The surfaces of the SCS and SCS/P scaffolds were observed by scanning electron microscopy (SEM, SU8220, Hitachi Ltd., Tokyo, Japan). At least five fields were acquired and imaged for each substrate, and the pore size was measured by a blinded observer using the ImageJ 1.45 software (NIH, Bethesda, MD, USA). The elemental composition of the scaffold surface and its distribution was further determined by energy dispersive spectroscopy (EDS, Ultim Max, Oxford Instruments, Abingdon, Oxfordshire, UK). The swelling and degradation properties of the SCS and SCS/P scaffolds were investigated as described below. The sample was weighed (W1) immediately after freeze-drying and then immersed in PBS at 37°C. At each determined time point, the sample was taken out, washed, and the excess buffer on the scaffold was blotted with filter paper. The weight of the wet sample (W2) and that of the freeze-dried sample (W2′) was recorded. The swelling and degradation ratio were respectively calculated according to the formulas Swelling%=[(W2−W1)/W1]×100% and degradation ratio %=(W1−W2′)/W1 ×100%. In order to confirm the degradation of the prepared scaffolds in protease XIV solution, we carried out the investigations according to the reported procedures.32 The sample was weighed (W3) immediately after freeze-drying and then immersed in deionized water for 24 hours to leach out soluble peptides. After that, the sample was immersed in 5 mL of protease XIV solution (0.23 μg/mL) at 37°C. Protease XIV from Streptomyces griseus (specific activity: ≥3.5 U/mg protein) was purchased from Sigma-Aldrich Co. At 1, 2, 3, 4 and 5 day, the sample was taken out and washed with deionized water for 48 hours, respectively. After washing, the sample was freeze-dried and weighed (W4). Degradation ratio %=(W3−W4)/W3 ×100%. Each test was carried out in triplicate, and the results were expressed as the mean ± SD values. The compression performance of the SCS and SCS/P scaffold (10 mm diameter, 3 mm height) was measured using an electronic universal testing machine (HY-0230, Hengyi Testing Instruments, Shanghai, China) at room temperature under a constant strain rate of 2 mm/min. The elastic modulus of the scaffold was determined by plotting the stress–strain curve and calculating the slope of the curve within 50% of the deformation, while the corresponding stress was considered to be the compressive strength within 50% deformation. Six replicates per group were tested, and the results were expressed as the mean ± SD. In addition, the sample was immersed in PBS, and the pH of the environmental solution at different time points within 24 hours was measured using a pHS-2C system (Jinke Leici Company, Shanghai, China) to evaluate the acidity and alkalinity of the SCS/P scaffold.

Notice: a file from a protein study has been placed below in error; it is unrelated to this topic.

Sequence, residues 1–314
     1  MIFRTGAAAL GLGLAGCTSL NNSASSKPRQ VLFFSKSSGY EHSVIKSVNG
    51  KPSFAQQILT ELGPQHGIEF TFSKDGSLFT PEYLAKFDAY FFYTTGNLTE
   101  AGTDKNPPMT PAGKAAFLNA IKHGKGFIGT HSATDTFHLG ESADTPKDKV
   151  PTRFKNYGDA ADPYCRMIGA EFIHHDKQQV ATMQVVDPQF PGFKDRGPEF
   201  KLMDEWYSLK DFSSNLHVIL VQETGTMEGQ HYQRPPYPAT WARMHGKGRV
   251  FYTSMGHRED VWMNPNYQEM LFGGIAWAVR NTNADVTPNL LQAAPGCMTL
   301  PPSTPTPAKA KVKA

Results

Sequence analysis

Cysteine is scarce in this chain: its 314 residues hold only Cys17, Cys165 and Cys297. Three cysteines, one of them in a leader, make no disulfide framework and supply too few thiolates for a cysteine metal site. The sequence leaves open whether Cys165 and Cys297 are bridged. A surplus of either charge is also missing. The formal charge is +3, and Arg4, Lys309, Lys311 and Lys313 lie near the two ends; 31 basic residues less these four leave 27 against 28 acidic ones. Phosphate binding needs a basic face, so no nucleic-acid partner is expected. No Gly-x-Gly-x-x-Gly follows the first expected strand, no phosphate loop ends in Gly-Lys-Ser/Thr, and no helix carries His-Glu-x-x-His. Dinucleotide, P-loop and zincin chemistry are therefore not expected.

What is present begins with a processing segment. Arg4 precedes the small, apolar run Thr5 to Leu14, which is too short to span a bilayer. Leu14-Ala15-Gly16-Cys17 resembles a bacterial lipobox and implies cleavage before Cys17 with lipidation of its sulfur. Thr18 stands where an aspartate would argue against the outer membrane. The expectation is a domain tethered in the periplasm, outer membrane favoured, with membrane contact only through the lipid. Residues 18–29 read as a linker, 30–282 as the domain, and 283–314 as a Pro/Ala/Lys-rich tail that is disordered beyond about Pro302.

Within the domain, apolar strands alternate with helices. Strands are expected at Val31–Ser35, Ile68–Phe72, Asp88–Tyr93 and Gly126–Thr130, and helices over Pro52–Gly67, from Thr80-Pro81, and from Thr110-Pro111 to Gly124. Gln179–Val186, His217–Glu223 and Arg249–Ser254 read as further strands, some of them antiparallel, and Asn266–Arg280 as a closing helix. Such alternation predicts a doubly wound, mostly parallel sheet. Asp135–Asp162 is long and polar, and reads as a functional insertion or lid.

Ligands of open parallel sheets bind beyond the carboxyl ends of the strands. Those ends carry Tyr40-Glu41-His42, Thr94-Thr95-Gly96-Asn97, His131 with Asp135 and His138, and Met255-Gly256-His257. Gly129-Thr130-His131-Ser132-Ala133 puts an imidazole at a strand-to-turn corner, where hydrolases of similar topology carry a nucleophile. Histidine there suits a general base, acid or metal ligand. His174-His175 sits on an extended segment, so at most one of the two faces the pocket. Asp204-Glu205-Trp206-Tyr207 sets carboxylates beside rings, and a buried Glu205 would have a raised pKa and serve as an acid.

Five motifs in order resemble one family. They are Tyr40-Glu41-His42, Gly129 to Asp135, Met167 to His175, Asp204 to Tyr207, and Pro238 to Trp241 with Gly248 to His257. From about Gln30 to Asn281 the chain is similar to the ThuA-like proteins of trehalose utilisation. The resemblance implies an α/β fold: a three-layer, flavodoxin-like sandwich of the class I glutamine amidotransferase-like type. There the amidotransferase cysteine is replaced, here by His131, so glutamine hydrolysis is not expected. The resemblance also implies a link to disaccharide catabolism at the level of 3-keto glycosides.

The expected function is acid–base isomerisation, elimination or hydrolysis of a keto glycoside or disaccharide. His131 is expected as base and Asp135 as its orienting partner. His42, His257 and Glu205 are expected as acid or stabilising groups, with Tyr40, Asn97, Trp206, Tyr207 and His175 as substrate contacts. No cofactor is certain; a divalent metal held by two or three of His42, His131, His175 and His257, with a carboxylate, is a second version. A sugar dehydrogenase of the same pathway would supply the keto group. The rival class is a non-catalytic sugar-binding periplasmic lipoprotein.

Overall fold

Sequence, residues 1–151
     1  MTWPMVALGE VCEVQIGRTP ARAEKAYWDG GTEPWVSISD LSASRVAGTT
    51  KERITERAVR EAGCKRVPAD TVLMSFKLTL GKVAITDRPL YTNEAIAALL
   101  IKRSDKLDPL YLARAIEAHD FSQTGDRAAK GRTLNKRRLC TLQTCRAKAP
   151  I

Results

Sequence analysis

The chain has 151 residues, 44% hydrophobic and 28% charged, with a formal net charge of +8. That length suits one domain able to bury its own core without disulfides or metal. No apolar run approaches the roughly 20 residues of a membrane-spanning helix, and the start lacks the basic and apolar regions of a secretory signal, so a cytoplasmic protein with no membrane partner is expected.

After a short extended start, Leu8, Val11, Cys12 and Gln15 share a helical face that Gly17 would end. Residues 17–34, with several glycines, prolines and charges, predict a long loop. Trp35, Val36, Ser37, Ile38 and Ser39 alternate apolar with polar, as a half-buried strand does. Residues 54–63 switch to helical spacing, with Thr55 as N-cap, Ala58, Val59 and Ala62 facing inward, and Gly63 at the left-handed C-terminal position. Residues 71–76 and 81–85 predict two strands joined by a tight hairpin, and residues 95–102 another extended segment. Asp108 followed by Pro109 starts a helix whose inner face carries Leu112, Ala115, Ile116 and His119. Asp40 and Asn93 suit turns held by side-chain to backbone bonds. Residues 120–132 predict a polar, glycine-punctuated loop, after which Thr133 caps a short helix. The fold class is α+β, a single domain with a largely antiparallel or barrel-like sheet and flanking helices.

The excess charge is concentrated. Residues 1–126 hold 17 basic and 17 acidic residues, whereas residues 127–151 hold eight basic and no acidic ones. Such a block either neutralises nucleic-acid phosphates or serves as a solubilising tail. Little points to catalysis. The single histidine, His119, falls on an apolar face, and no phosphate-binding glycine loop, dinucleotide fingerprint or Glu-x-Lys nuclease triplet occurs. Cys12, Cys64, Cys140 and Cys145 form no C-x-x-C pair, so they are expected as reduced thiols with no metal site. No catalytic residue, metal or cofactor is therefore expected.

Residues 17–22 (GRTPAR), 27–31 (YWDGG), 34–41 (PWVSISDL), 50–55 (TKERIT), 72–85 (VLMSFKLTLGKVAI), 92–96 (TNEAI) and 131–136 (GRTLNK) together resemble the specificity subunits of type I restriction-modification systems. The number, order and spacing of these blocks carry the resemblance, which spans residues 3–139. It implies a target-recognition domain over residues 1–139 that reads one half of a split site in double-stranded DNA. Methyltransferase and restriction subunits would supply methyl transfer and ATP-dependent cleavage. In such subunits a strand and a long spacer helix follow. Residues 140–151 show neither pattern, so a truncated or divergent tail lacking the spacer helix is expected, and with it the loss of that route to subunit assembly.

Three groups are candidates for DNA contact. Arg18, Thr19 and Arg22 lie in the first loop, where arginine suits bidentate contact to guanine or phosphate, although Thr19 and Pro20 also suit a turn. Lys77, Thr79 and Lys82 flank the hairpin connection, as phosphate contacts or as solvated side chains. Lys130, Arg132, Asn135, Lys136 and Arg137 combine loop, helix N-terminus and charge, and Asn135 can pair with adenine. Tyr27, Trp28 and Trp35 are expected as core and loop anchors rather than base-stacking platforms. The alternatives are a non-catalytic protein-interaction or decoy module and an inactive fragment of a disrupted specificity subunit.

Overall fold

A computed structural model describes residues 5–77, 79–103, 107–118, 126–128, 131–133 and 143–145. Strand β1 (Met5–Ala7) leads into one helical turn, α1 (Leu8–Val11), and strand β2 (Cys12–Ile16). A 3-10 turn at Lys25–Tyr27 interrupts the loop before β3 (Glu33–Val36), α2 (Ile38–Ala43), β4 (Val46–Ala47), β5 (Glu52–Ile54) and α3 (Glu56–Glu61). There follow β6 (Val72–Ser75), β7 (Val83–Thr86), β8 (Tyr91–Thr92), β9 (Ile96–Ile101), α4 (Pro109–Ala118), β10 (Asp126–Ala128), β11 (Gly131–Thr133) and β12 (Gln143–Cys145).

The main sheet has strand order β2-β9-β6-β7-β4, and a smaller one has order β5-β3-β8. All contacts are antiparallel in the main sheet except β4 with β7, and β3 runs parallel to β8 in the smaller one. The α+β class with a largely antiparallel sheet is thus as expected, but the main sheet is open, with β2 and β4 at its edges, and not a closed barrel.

Bioactivity of the SCS/P scaffolds
Each sample of SCS/P scaffold was immersed in 30 mL of simulated body fluid (SBF) at 37°C. The SBF solution was preconfigured according to the reported protocol.33 After soaking for 7 days, the sample was taken out for washing and then lyophilized. The surface morphology of the immersed scaffold was observed by SEM (S-3400, Hitachi Ltd.). The crystal structure of the scaffold surface before and after soaking was analyzed by X-ray diffractometry (XRD, PANalytical B.V, Almelo, the Netherlands) at room temperature. Cu Kα radiation, a scanning speed of 2°/min and a 2θ angle range of 10° to 70° were selected as the detection parameters.
Release kinetics of irisin from the i/SCS/P scaffold
The i/SCS/P scaffold (10 mm diameter, 3 mm height) loaded with 2 μg irisin was placed in 5 mL of PBS (pH 7.4) and stirred at 15 rpm. At each predetermined time point, 1 mL of the supernatant containing the released irisin was separately collected after centrifugation (10,000 × g, 37°C, 10 minutes) and replaced with an equal volume of fresh PBS buffer. The concentration of irisin in the supernatant was determined using a Human Irisin ELISA Kit (Sigma-Aldrich Co.) according to the manufacturer’s instructions, and then the cumulative release of irisin at each time point was calculated. Each test was carried out in triplicate, and the results were expressed as the mean ± SD values.
In vitro biological investigations
Extraction and culture of bone marrow stem cells (BMSCs)
Rat BMSCs were isolated from 4-week-old Sprague Dawley rats (Shanghai SLAC Experimental Animal Center, Shanghai, China). According to previous studies,34 the femur was isolated and cut at the epiphysis after the rat was intraperitoneally injected with pentobarbital for euthanasia. Bone marrow was flushed quickly using DMEM supplemented with 10% FBS (Thermo Fisher Scientific, Waltham, MA, USA), 100 U/mL penicillin, and 100 μg/mL streptomycin and collected by centrifugation. The harvested cells were incubated in the abovementioned DMEM at 37°C in humidified air/5% CO2. The culture medium was changed every 3 days. All animals were from the Animal Center of Shanghai Ninth People’s Hospital. All experimental protocols regarding the use of animals in this study were approved by the Institutional Animal Care and Use Committee and followed the procedure for Animal Experimental Ethical Inspection of the Ninth People’s Hospital, which is affiliated with Shanghai Jiao Tong University School of Medicine.
Biocompatibility of the SCS and SCS/P scaffolds